Commercial Arbitration (Kluwer, 1999) 1.
8
In the 2006 study, 73% of corporate respondents indicated a preference for international
arbitration School of International Arbitration, In ternational Arbitration: Corporate
Attitudes and Practices 2006 (2006) 5 [1.2] <http://www.arbitrationonline
.org/docs/IAstudy_2006.pdf>. In the 2008 study, 44% of respondents indicated that
arbitration was their most-used dispute resolution method as opposed to 41% most
commonly using transnational litigation School of International Arbitration, International
Arbitration: Corporate Attitudes and Practices 2008 (2008) 5 [1]
<http://www.arbitrationonline.org/docs/IAstudy_2008.pdf>.
9
Lawrence Newman, 'Agreements to Arbitrate and the Predictability of Procedures' (2009)
113 Penn State Law Review 1323, 1323.
10
School of International Arbitration, 2010 International Arbitration Survey : Choices in
International Arbitration (2010) 5 [1] <http://www.arbitrationonline.org/
docs/2010_InternationalArbitrationSurveyReport.pdf>.
11
Ibid 6 [1].
12
Ingeborg Schwenzer and Christopher Kee, 'International Sales Law The Actual Practice'
(2011) 29 Penn State International Law Review 425, 437.
2013 Pro-Arbitration Policy in Australian Courts The end of Eisenwerk? 301
____________________________________________________________________________________
The federal government recognises that international commercial arbitration
represents a 'market'.
13
Mistelis suggests that attracting 'arbitration cases and
arbitration work' to a jurisdiction 'is good for local lawyers [and] good for the local
economies'.
14
International arbitration has been described as 'the new black' in
Australia
15
and as one commentator observed, 'it is incontrovertible that international
arbitration is an area of federal jurisdiction which is significant for Australia's national
interest'.
16
In his foreword to The International Arbitration Act 1974: A Commentary,
Justice James Allsop goes so far as to describe that Act as 'one of Australia's most
important pieces of legislation'.
17
When the topic of i nternational commercial arbitration is addressed in the
Australian context, reference is often made to Singapore and Hong Kong both
established international commercial arbitration centres in the Asia-Pacific region.
18
Pro-arbitration judicial p olicy is seen as a key aspect of Australia rising to the ra nks of
these neighbours. As noted by Megens and Cubitt:
For Australia to truly rival Singapore and Hong Kong as the preferred seat for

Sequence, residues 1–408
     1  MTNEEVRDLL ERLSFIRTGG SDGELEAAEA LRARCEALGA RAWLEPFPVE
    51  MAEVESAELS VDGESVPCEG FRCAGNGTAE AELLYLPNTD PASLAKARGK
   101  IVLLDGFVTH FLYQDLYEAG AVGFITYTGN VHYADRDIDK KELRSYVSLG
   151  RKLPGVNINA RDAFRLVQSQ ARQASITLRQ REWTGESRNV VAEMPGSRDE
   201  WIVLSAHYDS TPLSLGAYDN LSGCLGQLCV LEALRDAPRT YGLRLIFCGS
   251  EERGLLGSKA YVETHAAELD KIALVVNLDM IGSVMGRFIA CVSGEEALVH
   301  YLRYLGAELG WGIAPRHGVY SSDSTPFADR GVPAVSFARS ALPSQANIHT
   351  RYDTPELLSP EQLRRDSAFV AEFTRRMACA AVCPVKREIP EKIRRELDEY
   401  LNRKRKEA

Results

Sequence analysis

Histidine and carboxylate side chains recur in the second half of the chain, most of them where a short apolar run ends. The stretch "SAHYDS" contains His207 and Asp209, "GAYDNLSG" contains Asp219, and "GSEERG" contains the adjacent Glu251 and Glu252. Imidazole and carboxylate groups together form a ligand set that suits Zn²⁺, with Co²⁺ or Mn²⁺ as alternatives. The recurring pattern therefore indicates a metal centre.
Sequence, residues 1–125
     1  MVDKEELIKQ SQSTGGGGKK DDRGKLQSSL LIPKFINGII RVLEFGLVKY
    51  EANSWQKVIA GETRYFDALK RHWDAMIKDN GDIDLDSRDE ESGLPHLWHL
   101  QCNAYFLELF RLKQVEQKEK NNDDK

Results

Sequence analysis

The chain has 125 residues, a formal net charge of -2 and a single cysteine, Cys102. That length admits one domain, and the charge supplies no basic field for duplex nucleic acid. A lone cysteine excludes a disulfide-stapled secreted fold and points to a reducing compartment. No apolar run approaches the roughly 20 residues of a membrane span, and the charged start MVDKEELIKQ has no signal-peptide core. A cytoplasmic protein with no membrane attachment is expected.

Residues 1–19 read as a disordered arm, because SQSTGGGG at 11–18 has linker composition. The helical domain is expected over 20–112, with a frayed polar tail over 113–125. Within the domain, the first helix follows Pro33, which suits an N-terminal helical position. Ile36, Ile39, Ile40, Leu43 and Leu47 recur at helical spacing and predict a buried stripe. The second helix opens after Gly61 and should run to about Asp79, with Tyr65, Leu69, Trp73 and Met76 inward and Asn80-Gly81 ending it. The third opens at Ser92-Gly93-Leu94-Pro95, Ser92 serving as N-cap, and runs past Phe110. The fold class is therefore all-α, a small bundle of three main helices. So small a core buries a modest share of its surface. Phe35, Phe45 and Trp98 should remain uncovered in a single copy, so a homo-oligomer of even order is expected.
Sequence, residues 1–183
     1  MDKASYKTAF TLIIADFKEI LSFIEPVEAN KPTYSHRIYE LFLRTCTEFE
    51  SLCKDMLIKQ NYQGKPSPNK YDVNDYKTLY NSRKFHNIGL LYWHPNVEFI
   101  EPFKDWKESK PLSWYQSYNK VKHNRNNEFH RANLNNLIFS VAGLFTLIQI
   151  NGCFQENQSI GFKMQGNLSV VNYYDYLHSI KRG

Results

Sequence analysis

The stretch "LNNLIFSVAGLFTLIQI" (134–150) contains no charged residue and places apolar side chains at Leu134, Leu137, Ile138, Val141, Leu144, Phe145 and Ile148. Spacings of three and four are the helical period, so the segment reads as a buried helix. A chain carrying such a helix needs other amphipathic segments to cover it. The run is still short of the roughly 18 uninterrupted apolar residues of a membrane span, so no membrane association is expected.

international arbitration in the Asia-Pacific region, there must exist a legislative
framework that is tailored to international arbitration and a judicial system that provides
support and consistency rather than interference.
19
This paper analyses the recent line of cases having a bearing on the continued
applicability of Eis enwerk. I n so doing, it reflects on those cases through the prism of
pro-arbitration judicial policy and considers the exte nt to which manifestation of that
policy has brought the Eisenwerk principle to its end.
II THE 'WHO, WHY, WHAT, WHERE AND HOW' OF PRO-
ARBITRATION POLICY IN THE AUSTRALIAN COURTS
What, then, is meant by pro-arbitration judicial policy? And why is it important? In
this Part, pro-arbitration judicial policy is explained as a concept sourced to the federal
_____________________________________________________________________________________
13
Robert McClelland, 'International Commercial Arbitration in Australia: More Effective and
Certain' (Speech delivered at the International Commercial Arbitration: Efficient, Effective,
Economical? conference, Melbourne, 4 December 2009).
14
Loukas A Mistelis, 'Arbitral Seats Choices and Competition' in Stefan Kröll et al (eds),
International Arbitration and International Commercial Law: Synergy, Convergence and Evolution
(Kluwer, 2011) 363, 379.
15
Richard Garnett and Luke Nottage, 'The 2010 Amendments to the International Arbitration
Act: A New Dawn for Australia?' (2011) 7 Asian International Arbitration Journal 29, 31.
16
Albert Monichino, 'International Arbitration in Australia: The Need to Centralise Judicial
Power' (2012) 86 Australian Law Journal 118, 131.
17
Justice James Allsop, 'Foreword' in Malcolm Holmes and Chester Brown, The International
Arbitration Act 1974: A Commentary (LexisNexis Butterworths, 2011) vii.
18
See, eg, Albert Monichino, 'International Arbitration in Australia 2010 / 2011 in Review'
(2011) 22 Australasian Dispute Resolution Journal 215, 215. For examples of such references in
the mainstream press, see Rachel Nickless, 'Rivalries Cost Business', The Australian Financial
Review (Sydney), 21 October 2011, 40; Samantha Bowers, 'Aiming for an A in Arbitration',
The Australian Financial Review (Sydney), 12 August 2011, 41.
19
Peter Megens and Beth Cubitt, 'Emerging Trends in Judicial Approach to International
Arbitration in Australia: The Winds of Change' (2011) 77 Arbitration 33, 4 1 (emphasis
added).